Lending, Payments

Can lenders improve the financial health of consumers through design?

  • Design can play a critical role in improving consumers' financial health when it comes to lending.
  • Research by the Financial Health Network shows that areas like defaults, making payments, and borrowing the right amount can be significantly improved through behavioral design principles, to ensure customers make decisions that improve their financial well-being.

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Can lenders improve the financial health of consumers through design?

Digital interfaces can nudge and direct customers toward healthier financial decisions. Recent work by the Financial Health Network has found multiple areas in digital lending where issuers can improve digital experiences and help customers understand the implications of their choices. 

1) Reducing defaults by design

Defaulting is bad for borrowers but high default rates are also costly for lenders. Research estimates that 3.% of general purchase credit card balances result in default, which means approximately $26 billion is spent in charged-off balances per year. Hence prioritizing that consumers make healthy choices when they borrow and make payments on time is a win-win for both consumers and lenders. 

One aspect of digital interfaces that can complicate making a good choice on which card products to choose is the sheer number of card products available to consumers. This can often result in choice overload.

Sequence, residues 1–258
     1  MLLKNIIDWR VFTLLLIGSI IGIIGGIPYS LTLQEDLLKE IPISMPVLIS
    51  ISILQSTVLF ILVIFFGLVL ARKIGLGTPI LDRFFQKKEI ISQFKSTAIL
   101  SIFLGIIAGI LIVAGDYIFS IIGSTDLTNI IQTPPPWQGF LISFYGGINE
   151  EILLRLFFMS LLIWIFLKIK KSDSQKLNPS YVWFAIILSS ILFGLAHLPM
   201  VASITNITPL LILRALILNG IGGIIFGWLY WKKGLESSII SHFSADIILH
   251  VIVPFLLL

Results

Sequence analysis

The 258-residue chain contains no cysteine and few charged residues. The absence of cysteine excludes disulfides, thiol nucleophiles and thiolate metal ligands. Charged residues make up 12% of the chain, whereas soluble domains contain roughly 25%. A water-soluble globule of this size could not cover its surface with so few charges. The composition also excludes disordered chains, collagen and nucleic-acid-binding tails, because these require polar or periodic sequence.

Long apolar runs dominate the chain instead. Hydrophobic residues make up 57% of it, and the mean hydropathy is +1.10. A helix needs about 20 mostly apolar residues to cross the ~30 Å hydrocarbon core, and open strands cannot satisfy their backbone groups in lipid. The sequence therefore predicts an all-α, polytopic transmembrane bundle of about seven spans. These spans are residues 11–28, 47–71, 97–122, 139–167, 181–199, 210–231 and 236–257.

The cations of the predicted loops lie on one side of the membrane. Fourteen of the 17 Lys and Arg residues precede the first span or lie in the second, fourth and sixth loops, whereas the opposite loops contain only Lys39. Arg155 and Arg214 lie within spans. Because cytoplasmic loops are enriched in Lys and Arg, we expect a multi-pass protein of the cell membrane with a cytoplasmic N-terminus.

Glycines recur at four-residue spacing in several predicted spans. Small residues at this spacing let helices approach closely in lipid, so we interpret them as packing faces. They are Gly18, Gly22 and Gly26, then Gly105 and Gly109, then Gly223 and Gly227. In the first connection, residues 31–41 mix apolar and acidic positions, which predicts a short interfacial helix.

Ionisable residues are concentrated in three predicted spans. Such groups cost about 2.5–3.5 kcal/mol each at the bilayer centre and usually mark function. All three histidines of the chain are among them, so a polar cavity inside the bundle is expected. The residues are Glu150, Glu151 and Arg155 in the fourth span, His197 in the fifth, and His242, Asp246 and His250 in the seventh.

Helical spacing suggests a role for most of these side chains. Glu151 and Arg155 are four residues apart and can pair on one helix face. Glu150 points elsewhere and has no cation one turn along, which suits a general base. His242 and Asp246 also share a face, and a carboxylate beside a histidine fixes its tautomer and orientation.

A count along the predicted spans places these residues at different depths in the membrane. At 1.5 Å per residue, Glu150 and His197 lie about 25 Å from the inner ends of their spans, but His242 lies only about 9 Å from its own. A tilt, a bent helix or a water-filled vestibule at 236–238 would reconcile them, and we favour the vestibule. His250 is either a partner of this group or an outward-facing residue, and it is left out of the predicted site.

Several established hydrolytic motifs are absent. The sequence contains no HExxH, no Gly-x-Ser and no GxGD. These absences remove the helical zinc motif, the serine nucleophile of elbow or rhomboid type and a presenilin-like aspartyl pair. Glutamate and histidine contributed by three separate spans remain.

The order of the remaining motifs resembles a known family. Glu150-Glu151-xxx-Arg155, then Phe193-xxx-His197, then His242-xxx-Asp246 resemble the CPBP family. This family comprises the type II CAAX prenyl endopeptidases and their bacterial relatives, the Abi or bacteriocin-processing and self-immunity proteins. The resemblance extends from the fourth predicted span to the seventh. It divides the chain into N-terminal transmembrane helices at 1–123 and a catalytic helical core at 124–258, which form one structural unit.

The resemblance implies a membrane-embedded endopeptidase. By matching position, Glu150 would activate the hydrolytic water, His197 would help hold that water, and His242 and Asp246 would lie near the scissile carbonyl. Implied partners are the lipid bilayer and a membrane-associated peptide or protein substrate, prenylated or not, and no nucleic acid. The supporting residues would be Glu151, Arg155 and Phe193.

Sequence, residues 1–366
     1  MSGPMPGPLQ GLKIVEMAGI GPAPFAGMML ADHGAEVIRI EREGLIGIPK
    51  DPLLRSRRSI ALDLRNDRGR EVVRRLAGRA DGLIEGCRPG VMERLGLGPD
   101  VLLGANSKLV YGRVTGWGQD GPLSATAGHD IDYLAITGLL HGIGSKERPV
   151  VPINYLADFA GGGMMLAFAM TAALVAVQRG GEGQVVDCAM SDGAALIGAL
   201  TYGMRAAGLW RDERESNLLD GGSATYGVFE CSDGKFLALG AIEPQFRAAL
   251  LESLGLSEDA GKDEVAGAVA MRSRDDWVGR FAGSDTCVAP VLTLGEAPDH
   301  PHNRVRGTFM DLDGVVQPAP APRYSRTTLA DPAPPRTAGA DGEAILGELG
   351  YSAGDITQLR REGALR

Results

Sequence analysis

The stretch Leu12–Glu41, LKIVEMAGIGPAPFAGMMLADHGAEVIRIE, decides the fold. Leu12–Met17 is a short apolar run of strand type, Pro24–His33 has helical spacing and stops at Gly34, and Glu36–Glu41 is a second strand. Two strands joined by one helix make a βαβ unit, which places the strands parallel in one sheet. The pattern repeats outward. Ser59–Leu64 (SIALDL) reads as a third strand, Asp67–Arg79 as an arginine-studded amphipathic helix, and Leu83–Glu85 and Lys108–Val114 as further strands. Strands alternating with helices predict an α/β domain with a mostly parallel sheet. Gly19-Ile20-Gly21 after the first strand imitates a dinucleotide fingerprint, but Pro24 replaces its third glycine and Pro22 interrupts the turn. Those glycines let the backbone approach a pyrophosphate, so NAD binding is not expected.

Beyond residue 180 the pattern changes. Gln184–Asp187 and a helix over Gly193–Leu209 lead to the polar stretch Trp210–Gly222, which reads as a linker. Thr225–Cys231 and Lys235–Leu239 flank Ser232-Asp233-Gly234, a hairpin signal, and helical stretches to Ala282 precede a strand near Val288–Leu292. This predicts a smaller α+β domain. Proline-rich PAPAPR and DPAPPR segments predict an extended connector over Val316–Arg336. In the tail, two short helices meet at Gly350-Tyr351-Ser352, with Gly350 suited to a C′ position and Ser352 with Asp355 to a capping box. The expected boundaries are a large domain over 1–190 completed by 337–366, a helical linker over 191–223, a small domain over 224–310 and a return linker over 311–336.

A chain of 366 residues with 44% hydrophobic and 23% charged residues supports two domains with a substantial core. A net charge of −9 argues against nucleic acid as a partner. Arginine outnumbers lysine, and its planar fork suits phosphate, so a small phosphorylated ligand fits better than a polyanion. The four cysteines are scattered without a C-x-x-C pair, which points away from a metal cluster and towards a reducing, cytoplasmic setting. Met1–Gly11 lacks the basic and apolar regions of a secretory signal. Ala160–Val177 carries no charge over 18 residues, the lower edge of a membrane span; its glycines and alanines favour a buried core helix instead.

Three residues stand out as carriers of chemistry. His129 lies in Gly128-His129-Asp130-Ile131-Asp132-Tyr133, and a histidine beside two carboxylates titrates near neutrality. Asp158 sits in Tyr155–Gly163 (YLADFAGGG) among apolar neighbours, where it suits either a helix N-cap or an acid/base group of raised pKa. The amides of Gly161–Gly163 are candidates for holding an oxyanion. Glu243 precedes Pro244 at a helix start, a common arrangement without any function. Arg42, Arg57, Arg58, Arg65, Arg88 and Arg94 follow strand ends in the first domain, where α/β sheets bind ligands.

A .gif showing Homer Simpson disappearing into the hedges behind him with the text "Decisions". A funny depiction of 'choice overload'.

It is important therefore that interfaces simplify and simplify the information they present to their customers. FHN recommends that one particularly useful digital flow that can help customers make the right choice is using a recommendation engine that takes consumers’ needs into account and guides them to the product that fits them best. It is also important that lenders make “trade-offs” of different card products explicit and highly visible. 

A screenshot of Commonwealth Bank of Australia's Compare Credit Cards tool. The picture shows more than  cards each with a list highlight what customers will get and and what are the trade-offs of each choice.
Source: Commonwealth Bank of Australia

As the image from the Commonwealth Bank of Australia shows, being able to highlight salient features as well as tradeoffs of each choice ensures that customers are fully cognizant of the implications of their decisions. However, the amount of information on the page is still too much for a consumer to keep track of. This is handled by the interface by making the compare option on the top left available to customers, where they can choose two products and then compare them side-by-side.

A screenshot of the Compare Credit Cards tool by the Commonwealth Bank of Australia. When users click on the radio buttons provided above each listing of a card, they can then use the compare button to cut down on the amount of cards they see. The design is a bit too overwhelming but highlight key information.
Source: Commonwealth Bank of Australia

These types of interfaces can be helpful in comparison but to avoid the initial overwhelming presentation of information, a recommendation engine can be the best strategy.

2) Aiding the action of making on-time payments

The intention-action gap refers to the phenomenon where a person may have every intention to enact a task but never acts on it. FHN states that situational and contextual reasons may play a role in why consumers may not make payments despite having every intention to do it. Similarly, the reasons behind delayed payments can be as simple as forgetfulness. To limit these behaviors, many financial institutions have enabled auto-pay.